Walking into the board rooms of a perniciously cold office building in downtown Tokyo in the late 1980s, Hayao Miyazaki declared that he did not want to finish the production of My Neighbour Totoro. The material wasn’t long enough to be made into a film; the internal rivalry between himself and fellow Ghibli co-founder Isao Takahata was becoming far too stressful, and the film itself was composed of ‘silly’ characters – one specific ‘catbus’ raising eyebrows.
By the end of 1988, a younger sister had been added, increasing the film’s length, the names of the ‘silly’ characters were dancing around the media as well as the lips of every child in Japan, and a rivalry was soon eclipsed as My Neighbour Totoro was beginning its ascent to being one of the greatest animation pieces of all time.
It may bring a single tear to know that one of the sweetest examples of sisterly love came out of productive expediency, but floods surely well when contemplating the idea that Totoro was almost never made. It wasn’t the first of Miyazaki’s films (Castle of Cagliostro being his first fully credited film). But possessing the fullness of an artistic masterpiece, it became the guide which drew light upon a small animation company that would, over the course of 20 years, bring stories of wonder and emotional maturity to the young and the not-so-young.
“Miyazaki’s gift of looking into the human character is far too sharp and irrepressible”
So when Miyazaki announced his retirement from the film industry in 2013, it was very much to everyone’s sadness. Signing off his voluminous career with the very personal and intimate film The Wind Rises, he embarked into solitude, resigned to spending the rest of his 72 years old life cloistered in the Studio Ghibli Museum tending to the precious memories he had collected in his 50 years of filmmaking.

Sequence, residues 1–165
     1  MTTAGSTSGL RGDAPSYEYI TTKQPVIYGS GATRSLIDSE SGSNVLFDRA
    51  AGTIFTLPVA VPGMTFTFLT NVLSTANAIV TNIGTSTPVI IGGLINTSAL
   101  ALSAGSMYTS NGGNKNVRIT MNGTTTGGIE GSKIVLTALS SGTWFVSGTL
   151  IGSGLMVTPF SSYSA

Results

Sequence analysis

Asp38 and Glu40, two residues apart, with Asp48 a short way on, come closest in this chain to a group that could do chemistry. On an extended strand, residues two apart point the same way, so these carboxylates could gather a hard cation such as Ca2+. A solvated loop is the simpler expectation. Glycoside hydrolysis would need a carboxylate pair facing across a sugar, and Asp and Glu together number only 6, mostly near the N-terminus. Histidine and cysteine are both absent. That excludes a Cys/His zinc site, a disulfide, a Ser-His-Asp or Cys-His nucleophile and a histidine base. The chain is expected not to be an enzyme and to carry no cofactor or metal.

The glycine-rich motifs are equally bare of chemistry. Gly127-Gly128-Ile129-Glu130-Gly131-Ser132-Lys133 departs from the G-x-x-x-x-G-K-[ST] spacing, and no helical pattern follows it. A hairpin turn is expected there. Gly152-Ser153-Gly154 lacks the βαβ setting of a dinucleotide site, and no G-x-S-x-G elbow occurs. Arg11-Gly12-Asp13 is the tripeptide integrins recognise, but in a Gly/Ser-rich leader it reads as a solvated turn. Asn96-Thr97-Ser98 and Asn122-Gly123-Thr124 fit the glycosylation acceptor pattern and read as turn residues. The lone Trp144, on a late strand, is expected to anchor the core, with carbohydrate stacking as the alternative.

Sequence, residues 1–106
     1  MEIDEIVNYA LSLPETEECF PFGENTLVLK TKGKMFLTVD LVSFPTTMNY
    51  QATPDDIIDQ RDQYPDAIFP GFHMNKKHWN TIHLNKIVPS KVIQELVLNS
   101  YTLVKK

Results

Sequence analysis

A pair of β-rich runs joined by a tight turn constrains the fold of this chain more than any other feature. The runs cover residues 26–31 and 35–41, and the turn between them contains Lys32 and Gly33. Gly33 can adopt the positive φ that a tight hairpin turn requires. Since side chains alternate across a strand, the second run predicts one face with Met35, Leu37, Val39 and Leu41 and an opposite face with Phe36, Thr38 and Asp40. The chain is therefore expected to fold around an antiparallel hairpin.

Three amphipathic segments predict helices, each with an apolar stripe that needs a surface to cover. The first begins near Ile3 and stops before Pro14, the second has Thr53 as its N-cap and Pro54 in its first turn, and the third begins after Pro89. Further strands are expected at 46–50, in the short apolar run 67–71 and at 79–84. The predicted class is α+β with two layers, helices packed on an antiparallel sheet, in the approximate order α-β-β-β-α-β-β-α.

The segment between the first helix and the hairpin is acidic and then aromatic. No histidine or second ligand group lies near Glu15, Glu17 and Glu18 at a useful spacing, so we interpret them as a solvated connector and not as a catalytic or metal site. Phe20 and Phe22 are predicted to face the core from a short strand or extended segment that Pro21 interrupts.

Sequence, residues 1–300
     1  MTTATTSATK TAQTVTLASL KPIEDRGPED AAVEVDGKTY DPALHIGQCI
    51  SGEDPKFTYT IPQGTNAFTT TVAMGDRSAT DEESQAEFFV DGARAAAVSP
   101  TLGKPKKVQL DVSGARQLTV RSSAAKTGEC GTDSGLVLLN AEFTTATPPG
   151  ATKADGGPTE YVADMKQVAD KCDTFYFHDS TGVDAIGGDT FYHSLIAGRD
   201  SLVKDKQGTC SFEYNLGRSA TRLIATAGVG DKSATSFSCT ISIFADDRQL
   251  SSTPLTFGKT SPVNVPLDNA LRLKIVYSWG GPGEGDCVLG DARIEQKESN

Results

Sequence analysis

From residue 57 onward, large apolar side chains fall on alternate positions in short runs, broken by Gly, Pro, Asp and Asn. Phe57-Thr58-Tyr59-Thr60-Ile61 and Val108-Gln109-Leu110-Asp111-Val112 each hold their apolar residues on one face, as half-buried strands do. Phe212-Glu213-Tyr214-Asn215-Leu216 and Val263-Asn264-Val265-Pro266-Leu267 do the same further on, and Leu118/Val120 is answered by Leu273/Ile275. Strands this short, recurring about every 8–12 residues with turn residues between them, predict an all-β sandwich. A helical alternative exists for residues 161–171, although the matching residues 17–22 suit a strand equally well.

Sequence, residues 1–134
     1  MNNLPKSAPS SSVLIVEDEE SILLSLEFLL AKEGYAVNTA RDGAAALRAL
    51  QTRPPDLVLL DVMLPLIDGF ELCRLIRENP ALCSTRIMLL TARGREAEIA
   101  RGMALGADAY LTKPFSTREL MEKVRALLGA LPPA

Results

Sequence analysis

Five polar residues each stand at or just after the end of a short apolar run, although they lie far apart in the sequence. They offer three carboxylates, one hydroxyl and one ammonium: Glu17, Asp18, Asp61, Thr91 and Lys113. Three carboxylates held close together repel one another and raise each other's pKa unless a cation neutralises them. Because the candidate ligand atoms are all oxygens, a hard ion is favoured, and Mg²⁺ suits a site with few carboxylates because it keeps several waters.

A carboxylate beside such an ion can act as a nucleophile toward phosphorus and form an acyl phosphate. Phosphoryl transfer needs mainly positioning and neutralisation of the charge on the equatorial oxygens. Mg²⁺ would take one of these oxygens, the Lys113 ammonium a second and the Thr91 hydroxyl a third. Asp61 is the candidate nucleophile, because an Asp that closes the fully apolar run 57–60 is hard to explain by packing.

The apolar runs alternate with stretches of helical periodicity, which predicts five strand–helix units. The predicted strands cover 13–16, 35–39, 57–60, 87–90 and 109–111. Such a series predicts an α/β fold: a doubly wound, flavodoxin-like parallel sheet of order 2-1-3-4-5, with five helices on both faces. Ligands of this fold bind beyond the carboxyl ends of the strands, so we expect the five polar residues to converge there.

And now, he is back. With news that Ghibli is developing a film set to be released in 2019 – based upon a short story from the Studio Ghibli museum – the animation world is glowing with the knowledge that Miyazaki is at its helm. But it is largely unsurprising.
“The animation world is glowing with the knowledge that Miyazaki is at the helm of Ghibli’s next film”
Throughout his career, Miyazaki has explored ideas and themes which have been left untouched elsewhere. Princess Mononoke, Nausicaa, Spirited Away, Howl’s Moving Castle – all these are films which deal, in some large or small way, with environmentalism, with pacifism, with war, with feminism and globalisation and individualism. Such restless and powerful themes cannot simply be walked away from, and Miyazaki speaks with the power of a prophet when doing what he does best.
It would be wrong, however, to describe Miyazaki’s works as solely politically motivated. Miyazaki sees the ghosts of things. He can see the seams of life as they decorate and as they are unwoven. He can watch the joy and happiness of human life as it blindly proceeds, yet trace moments of such precise and subtle melancholy into the picture that they are almost imperceptible.
To say that he is past his prime is nonsense: Miyazaki’s gift of looking into the human character is far too sharp and irrepressible. And with the world being far stranger than 20 years ago, his insight, I think, is not unwelcome.